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Haslam, state workers association reach deal on layoffs policy

7:11 AM, Apr 3, 2012   |    comments
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By Michael Cass, The Tennessean

Gov. Bill Haslam's administration and the state employees association have reached a compromise on the TEAM Act, Haslam's proposed rewrite of the state's civil service rules, the governor said Monday.

Haslam also unveiled a proposed budget amendment that, among other things, would reduce the sales tax on food beyond what he originally recommended and provide $1 million for land acquisition and maintenance at Radnor Lake State Natural Area in Nashville.

"That is a huge shot in the arm to our fundraising efforts," said Charley Hankla, past president of Friends of Radnor Lake.

The governor said the Tennessee State Employees Association approached the administration last week and said that, with "minor adjustments," it could support the Tennessee Excellence, Accountability and Management, or TEAM, Act. A deal was reached over the weekend.

"I think as we work our way through the committees this week, you'll see TSEA supporting us in what we're trying to do," Haslam said.

Robert O'Connell, the employees association's executive director, agreed that his group and the administration are "now on the same side of the issue."

"We're gratified to have been heard by the administration," O'Connell added.

Among the changes TSEA sought were:

• A chance to be involved in developing a new employee evaluation system.

• A move to make the required notice period for state layoffs 60 days in the first year of the new law, which would start Oct. 1. The notice period would still drop to 30 days eventually; it now stands at 90 days, O'Connell said.

• If an employee is laid off and a new position with his or her classification later opens up, the state will notify the employee and guarantee him or her an interview.

• Keeping seniority as a factor in decisions about which employees to lay off. O'Connell and Haslam said performance would be paramount, however, as the legislation moves forward to drop the system known as "bumping."

Bumping lets laid-off state workers move into positions held by less senior employees. The system can create situations in which the most recent person hired ends up losing his or her job, while longtime workers are virtually guaranteed a position, Haslam has said.

The proposed process would scrap that and replace it with "a system of merit and skills and ability being the first things considered," Haslam said Monday.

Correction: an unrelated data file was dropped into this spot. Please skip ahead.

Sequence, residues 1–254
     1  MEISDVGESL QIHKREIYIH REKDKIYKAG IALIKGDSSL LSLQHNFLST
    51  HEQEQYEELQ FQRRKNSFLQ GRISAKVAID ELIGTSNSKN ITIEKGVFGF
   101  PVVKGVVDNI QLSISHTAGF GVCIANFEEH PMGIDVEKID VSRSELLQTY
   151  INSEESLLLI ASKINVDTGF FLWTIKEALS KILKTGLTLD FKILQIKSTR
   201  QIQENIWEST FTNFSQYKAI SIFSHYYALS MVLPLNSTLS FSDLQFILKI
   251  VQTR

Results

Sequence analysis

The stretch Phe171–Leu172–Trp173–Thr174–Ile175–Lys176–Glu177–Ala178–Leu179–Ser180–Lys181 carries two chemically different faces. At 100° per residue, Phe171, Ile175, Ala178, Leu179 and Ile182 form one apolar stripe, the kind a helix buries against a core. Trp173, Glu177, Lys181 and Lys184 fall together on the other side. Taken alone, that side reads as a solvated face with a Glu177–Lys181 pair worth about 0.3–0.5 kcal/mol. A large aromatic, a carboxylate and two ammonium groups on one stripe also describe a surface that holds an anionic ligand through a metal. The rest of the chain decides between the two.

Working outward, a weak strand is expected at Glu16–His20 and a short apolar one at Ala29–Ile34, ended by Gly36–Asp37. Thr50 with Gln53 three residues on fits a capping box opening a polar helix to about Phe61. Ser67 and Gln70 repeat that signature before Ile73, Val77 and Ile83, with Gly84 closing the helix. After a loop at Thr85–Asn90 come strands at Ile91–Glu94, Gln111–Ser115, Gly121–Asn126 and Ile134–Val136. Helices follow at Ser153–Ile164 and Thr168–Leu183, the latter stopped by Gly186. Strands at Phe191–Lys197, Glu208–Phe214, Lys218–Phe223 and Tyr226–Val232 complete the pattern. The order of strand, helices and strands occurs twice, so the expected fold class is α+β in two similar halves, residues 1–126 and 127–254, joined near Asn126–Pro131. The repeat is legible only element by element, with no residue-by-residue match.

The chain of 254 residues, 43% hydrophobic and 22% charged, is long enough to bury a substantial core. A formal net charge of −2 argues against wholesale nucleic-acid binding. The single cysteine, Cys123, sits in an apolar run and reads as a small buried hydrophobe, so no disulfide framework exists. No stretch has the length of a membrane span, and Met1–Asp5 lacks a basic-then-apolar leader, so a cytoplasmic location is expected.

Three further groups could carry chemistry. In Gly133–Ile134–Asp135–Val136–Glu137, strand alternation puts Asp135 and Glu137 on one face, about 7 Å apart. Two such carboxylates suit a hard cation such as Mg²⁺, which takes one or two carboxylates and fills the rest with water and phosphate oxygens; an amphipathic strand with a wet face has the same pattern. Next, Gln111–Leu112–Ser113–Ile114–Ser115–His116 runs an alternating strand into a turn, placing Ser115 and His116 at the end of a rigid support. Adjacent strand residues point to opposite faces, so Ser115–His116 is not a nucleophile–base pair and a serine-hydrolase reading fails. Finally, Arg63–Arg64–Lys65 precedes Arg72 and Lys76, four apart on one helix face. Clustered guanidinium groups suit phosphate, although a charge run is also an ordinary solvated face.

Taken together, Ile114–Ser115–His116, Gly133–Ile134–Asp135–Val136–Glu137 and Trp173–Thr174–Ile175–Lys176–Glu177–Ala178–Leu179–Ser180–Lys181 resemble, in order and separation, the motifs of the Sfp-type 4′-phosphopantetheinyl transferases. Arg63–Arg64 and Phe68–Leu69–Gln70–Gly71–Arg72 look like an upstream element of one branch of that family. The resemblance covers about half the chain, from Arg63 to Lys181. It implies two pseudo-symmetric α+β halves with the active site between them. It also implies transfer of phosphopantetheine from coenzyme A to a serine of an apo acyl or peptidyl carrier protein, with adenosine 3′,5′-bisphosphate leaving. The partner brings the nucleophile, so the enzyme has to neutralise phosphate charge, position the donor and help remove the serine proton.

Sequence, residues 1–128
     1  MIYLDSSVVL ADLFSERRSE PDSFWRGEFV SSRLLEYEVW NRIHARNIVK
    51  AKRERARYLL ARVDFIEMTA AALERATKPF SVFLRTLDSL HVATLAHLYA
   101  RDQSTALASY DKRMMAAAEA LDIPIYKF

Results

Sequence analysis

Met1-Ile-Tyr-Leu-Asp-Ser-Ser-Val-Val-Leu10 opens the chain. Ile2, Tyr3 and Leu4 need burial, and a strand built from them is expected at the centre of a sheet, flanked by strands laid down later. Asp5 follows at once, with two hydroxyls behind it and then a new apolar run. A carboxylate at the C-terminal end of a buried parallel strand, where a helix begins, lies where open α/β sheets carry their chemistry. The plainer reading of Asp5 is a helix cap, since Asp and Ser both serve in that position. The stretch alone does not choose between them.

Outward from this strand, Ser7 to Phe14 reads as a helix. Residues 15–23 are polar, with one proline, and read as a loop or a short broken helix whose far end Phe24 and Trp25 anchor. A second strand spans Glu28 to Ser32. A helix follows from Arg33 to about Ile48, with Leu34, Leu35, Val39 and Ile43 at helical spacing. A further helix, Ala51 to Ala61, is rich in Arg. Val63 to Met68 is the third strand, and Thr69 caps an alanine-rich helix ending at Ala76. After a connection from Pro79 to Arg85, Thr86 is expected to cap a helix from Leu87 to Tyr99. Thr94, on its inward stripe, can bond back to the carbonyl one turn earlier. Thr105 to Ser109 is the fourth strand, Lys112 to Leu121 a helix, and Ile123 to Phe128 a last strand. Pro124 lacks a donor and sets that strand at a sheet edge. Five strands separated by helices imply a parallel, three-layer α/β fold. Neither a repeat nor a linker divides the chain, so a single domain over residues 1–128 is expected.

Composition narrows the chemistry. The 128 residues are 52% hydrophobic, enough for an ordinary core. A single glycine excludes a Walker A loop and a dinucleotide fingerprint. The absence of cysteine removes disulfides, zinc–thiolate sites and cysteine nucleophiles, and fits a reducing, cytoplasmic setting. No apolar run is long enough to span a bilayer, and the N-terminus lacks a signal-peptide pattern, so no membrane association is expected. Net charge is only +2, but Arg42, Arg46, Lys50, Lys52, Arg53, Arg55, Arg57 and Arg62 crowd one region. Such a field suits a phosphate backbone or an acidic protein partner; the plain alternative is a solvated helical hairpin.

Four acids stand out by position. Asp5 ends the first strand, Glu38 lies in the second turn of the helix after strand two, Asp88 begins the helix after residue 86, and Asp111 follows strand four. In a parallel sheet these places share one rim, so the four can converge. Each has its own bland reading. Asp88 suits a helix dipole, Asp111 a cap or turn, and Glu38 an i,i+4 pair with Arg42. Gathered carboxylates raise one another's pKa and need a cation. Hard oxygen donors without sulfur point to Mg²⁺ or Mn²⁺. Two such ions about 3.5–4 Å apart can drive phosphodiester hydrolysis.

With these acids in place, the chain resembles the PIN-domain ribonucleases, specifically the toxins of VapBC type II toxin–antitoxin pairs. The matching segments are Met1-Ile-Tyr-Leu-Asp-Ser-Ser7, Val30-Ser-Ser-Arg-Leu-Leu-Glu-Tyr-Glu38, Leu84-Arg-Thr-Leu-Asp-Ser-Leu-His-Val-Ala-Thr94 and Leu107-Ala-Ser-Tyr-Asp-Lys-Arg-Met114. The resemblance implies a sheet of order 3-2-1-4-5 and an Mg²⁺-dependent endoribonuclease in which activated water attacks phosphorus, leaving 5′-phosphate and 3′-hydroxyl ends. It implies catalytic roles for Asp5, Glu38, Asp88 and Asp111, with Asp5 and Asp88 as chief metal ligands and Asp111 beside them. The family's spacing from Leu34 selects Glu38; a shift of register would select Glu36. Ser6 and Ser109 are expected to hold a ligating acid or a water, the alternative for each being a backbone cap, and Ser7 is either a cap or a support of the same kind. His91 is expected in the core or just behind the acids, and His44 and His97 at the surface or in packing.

O'Connell said the employees association was pleased to see seniority would remain "in the mix."

"The primary consideration will be performance, which doesn't give us as much heartburn now as it originally did, because the performance evaluation system itself is going to be overhauled," he said. "We feel now we've got a better shot at that looking more objective."

Raises in budget

Haslam said the proposed 2012-13 budget includes a 2.5 percent across-the-board raise for all state employees.

The governor also announced a proposed budget amendment reflecting new projections of state revenues. The governor said his priorities include cutting the sales tax on food slightly more than he had initially recommended, reducing it from 5.5 percent to 5.25 percent.

Haslam's original plan called for cutting the grocery tax to 5.3 percent. Making the further step down to 5.25 percent would cost the state roughly an additional $3.3 million.

The governor said the biggest reason for the additional cut involved cash registers, which can process increments of a quarter of a cent more easily when computing sales tax on a purchase. He said he wants to cut the grocery tax another quarter of a point to an even 5 percent in 2013-14.

Other highlights of the budget amendment include:

• Giving local jails $4 million, to increase per diem payments from $35 to $37.

• Putting $3.9 million toward Healthy Start and child health and development programs statewide.

• Making $3 million available to fund family resource centers across the state.

• Putting $375,000 into a poison control center providing statewide services.

• Using $122,000 to fund legislation requiring unemployment recipients to verify their job search efforts.

The $1 million for land acquisition and maintenance at Radnor Lake came as a big surprise to Hankla, who works in industrial real estate and lives near the 1,258-acre state park.

"That's the best phone call I've gotten all day," he told a reporter. "I'm absolutely astounded."

He said Friends of Radnor Lake would be able to use the money to help make strategic land purchases and continue work needed to recover from the historic flood of 2010, including rebuilding roads and shoring up bridges.

Haslam's announcement about helping Radnor Lake came nine days after The Tennessean wrote about the Friends group's efforts to acquire more land around the park and protect the popular area as it nears its 40th anniversary.

Haslam said the administration had about $28 million to $30 million to "play with" after revenue projections improved. It received requests totaling about $600 million as it put together the budget amendment, he said.

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